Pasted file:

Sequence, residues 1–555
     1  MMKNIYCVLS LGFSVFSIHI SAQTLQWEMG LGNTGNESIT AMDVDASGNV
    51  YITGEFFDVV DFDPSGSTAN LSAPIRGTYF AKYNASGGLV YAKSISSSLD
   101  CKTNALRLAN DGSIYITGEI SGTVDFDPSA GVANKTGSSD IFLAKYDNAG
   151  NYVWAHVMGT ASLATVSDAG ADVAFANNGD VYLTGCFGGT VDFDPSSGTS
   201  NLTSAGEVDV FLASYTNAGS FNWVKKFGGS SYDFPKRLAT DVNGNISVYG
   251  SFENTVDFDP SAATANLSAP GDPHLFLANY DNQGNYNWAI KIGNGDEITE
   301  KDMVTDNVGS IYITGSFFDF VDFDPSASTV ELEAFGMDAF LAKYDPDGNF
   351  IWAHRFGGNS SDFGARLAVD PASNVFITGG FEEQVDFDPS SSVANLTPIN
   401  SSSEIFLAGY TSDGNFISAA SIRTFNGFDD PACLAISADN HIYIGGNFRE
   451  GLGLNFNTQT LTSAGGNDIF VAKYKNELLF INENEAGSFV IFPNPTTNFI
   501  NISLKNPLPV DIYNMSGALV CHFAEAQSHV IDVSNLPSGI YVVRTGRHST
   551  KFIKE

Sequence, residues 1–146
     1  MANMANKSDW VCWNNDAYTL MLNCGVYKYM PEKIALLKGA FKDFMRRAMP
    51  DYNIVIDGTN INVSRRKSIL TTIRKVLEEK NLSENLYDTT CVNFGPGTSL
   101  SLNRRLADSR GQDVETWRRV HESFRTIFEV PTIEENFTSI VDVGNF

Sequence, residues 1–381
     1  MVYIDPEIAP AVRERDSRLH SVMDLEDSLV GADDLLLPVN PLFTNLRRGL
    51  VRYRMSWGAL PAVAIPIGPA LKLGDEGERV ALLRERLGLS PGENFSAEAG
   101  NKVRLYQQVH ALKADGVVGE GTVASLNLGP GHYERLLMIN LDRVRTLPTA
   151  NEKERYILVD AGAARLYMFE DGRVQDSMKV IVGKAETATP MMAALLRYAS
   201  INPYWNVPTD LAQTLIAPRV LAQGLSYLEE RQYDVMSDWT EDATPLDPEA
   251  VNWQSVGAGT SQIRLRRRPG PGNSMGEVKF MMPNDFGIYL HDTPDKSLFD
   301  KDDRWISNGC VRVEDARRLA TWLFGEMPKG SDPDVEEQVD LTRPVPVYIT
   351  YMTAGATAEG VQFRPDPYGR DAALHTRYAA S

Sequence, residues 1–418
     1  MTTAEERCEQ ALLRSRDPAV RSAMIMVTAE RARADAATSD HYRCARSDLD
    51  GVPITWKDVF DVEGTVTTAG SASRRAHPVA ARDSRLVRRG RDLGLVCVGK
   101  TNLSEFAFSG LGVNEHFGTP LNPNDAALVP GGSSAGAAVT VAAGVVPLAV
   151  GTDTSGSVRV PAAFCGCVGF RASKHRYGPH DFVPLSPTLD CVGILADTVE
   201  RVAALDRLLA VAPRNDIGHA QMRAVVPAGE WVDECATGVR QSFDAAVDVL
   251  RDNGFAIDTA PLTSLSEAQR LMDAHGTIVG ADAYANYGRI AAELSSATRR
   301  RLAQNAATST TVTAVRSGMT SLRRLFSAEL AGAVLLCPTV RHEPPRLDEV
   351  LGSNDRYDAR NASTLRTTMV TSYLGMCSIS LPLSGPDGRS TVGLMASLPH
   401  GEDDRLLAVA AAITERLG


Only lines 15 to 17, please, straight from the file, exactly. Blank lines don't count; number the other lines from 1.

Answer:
     1  MANMANKSDW VCWNNDAYTL MLNCGVYKYM PEKIALLKGA FKDFMRRAMP
    51  DYNIVIDGTN INVSRRKSIL TTIRKVLEEK NLSENLYDTT CVNFGPGTSL
   101  SLNRRLADSR GQDVETWRRV HESFRTIFEV PTIEENFTSI VDVGNF